Tôn Thất Thiện

Vietnamese dissident

Dr. Tôn Thất Thiện was a South Vietnamese nationalist of the post-World War II generation who had the rare distinction of serving and watching at close quarters the two historic leaders of post-World War II Vietnam: presidents Ho Chi Minh in the Viet Minh coalition in 1945–46, and Ngô Đình Diệm 1954–55/1956–59/1963. He played a significant though understated role in the nationalist attempt to preserve a non-communist Vietnam.

QuotesEdit

"Today, freedom, like prosperity and happiness, is indivisible." http://www.rmaf.org.ph/Awardees/Citation/CitationThienTon.htm

"There could be no real freedom for people unless they were given the opportunity of acquiring knowledge through education and free access to information." Quoted in Maslog, Crispin C. "Ton That Thien: Asian Libertarian", p. 78

"My problem is how to enlarge press freedom in Vietnam – and freedom in general." Quoted in Maslog, Crispin C. "Ton That Thien: Asian Libertarian", p. 77

"A clean and honest government has nothing to fear [of a free press]." http://www.rmaf.org.ph/Awardees/Biography/BiographyThienTon.htm

"Why have 25,000 Allies and more than 100,000 Vietnamese died in this war, if not for freedom?" http://www.rmaf.org.ph/Awardees/Biography/BiographyThienTon.htm

"In August 1945 and thereafter, the CPV was in control of a government of Vietnam. What remained for it to do was to transform this government into the government of Vietnam." The Foreign Politics of The Communist Party of Vietnam: A Study of Communist Tactics, p. 68

". . . since 1945 CPV leaders have constantly talked about peace, but since 1945, of all the nations of the world, Vietnam under their rule has been constantly at war." The Foreign Politics of The Communist Party of Vietnam: A Study of Communist Tactics, p. 60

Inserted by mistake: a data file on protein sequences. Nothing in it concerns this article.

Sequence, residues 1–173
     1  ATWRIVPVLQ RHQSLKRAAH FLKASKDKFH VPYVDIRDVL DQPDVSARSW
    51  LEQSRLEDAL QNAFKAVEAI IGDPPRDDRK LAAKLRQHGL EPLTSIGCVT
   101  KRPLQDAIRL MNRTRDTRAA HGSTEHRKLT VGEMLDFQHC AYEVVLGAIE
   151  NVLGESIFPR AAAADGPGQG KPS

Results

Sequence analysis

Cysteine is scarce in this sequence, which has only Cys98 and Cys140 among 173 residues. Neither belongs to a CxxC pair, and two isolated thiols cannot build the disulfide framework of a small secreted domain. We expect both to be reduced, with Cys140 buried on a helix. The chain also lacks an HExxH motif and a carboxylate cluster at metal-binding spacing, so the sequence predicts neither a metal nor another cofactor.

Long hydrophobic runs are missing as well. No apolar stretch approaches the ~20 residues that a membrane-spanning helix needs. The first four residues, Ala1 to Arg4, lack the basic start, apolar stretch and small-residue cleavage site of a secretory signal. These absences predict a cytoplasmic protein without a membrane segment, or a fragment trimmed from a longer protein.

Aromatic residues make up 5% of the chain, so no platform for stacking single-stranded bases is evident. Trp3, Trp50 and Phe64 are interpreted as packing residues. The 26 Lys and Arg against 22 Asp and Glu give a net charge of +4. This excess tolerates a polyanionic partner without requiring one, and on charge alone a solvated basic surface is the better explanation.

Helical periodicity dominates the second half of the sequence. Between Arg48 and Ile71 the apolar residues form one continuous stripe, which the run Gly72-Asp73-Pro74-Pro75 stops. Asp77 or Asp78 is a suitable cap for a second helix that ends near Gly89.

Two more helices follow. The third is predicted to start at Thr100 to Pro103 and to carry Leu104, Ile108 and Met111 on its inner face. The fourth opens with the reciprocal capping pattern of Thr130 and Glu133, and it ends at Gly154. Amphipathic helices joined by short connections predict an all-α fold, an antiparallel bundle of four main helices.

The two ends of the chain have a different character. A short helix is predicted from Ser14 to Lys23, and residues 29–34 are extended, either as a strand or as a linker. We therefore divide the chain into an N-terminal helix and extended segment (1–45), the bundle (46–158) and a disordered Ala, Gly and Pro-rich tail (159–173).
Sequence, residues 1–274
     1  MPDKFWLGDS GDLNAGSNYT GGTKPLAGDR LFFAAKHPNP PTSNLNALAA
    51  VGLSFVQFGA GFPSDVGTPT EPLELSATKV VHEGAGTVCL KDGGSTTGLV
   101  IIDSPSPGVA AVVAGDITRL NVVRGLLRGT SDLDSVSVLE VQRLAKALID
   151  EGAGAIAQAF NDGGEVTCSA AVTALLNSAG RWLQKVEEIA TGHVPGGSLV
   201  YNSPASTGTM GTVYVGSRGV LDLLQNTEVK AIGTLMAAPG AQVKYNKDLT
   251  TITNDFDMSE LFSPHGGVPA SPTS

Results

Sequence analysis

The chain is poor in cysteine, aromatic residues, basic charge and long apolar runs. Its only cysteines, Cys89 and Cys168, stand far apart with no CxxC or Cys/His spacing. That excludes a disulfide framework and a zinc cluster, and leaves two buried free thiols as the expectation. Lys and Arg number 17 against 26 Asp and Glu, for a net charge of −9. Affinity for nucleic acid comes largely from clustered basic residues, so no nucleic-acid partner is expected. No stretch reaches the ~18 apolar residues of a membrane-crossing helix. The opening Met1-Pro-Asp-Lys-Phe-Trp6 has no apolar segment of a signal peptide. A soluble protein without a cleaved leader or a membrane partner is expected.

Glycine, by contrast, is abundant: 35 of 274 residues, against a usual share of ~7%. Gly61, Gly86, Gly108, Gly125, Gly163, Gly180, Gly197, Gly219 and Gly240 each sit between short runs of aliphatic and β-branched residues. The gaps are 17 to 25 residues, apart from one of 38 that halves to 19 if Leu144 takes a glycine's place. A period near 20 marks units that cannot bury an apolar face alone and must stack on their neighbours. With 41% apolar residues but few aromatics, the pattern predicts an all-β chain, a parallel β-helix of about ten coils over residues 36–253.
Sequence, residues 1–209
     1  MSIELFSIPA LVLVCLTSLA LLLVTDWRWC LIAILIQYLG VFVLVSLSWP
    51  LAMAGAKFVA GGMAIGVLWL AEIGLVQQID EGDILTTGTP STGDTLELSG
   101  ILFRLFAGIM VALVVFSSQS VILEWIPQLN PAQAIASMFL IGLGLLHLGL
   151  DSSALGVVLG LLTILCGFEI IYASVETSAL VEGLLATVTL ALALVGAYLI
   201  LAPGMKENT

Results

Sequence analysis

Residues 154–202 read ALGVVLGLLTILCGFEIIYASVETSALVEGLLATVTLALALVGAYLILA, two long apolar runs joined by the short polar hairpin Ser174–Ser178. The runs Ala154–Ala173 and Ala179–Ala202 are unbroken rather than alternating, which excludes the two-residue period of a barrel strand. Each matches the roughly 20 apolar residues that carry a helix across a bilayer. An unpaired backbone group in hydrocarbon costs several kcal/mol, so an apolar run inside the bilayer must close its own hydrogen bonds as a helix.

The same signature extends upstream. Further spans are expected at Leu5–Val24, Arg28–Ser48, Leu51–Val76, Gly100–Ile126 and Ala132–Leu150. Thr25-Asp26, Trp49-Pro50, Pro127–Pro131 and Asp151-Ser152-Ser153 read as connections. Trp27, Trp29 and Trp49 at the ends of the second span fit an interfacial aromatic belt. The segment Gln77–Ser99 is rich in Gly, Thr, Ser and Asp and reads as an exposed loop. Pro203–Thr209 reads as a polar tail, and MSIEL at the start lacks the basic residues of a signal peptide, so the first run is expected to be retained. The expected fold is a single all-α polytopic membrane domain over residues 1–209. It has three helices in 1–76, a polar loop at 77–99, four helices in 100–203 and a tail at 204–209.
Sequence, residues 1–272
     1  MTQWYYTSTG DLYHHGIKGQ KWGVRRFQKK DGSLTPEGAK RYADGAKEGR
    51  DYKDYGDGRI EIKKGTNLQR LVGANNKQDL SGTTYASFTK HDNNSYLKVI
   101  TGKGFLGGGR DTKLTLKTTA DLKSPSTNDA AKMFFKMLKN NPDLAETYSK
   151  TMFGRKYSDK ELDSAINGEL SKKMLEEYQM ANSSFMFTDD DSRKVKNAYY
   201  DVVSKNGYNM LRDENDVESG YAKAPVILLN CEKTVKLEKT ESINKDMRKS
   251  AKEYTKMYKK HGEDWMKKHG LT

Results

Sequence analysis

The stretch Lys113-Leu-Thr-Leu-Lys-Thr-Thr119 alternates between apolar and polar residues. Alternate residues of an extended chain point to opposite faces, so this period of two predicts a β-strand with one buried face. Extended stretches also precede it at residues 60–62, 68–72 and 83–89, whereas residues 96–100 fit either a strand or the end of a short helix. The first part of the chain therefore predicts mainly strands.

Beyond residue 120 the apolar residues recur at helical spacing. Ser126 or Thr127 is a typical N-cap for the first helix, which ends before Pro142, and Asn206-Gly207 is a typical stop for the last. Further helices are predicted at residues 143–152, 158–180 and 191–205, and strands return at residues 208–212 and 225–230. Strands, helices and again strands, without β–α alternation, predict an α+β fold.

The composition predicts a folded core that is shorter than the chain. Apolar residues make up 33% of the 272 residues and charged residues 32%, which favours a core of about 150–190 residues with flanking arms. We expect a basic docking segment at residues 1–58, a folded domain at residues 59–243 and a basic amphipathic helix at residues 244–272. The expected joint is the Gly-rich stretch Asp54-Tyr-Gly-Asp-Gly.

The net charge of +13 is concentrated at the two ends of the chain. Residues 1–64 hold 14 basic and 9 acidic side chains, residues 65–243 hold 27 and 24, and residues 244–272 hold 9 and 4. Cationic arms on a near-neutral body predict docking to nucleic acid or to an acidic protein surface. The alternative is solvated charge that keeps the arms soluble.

"[Vietnamese continue] to be horrified and embittered at the way the Americans fight their war. . . . Our peasants will remember their cratered rice fields and defoliated forests, devastated by an alien air force that seems at war with the very land of Vietnam." Quoted in Gerald C. Hickey, Window on a War, p. 258

"The more foreign control over the Saigon government is heavy, visible, and real, the stronger the pressure on the Vietnamese in search of dignity to cross the line and go over to the other side . . . . Unless one offers enough to the nationalists to keep them away from Communism – and enough here means liberation from the feeling of loss of dignity – Communism is going to triumph in Vietnam." Quoted in Maslog, Crispin C. "Ton That Thien: Asian Libertarian", p. 76

"Do the Americans have an overall plan for Vietnam that we, the Vietnamese, somehow fail to understand, or is there no plan at all?" Quoted in Gerald C. Hickey, Window on a War, p. 210

"Just because the Americans want to quit the war is no reason to assume that the Vietnamese do too." Quoted in Gerald C. Hickey, Window on a War, p. 259

"The dilemma of two Vietnams is the cruel fate which has befallen the Vietnamese people – a victim of the mistakes of the statesmen of the great powers, as well as the follies of their own leaders." Quoted in Maslog, Crispin C. "Ton That Thien: Asian Libertarian", p. 72

"Was it necessary for the Vietnamese people to resort to war to achieve national independence and improve their living conditions? To give a firm answer, again one would have to look at Vietnam's Southeast Asian neighbors. All these countries achieved national independence and improved their living conditions without war. Indeed, they were able to do so sooner and faster than Vietnam precisely because they had achieved independence with rather than against the colonial nations, and had not followed the Communist road." The Foreign Politics of The Communist Party of Vietnam: A Study of Communist Tactics, p. 201-205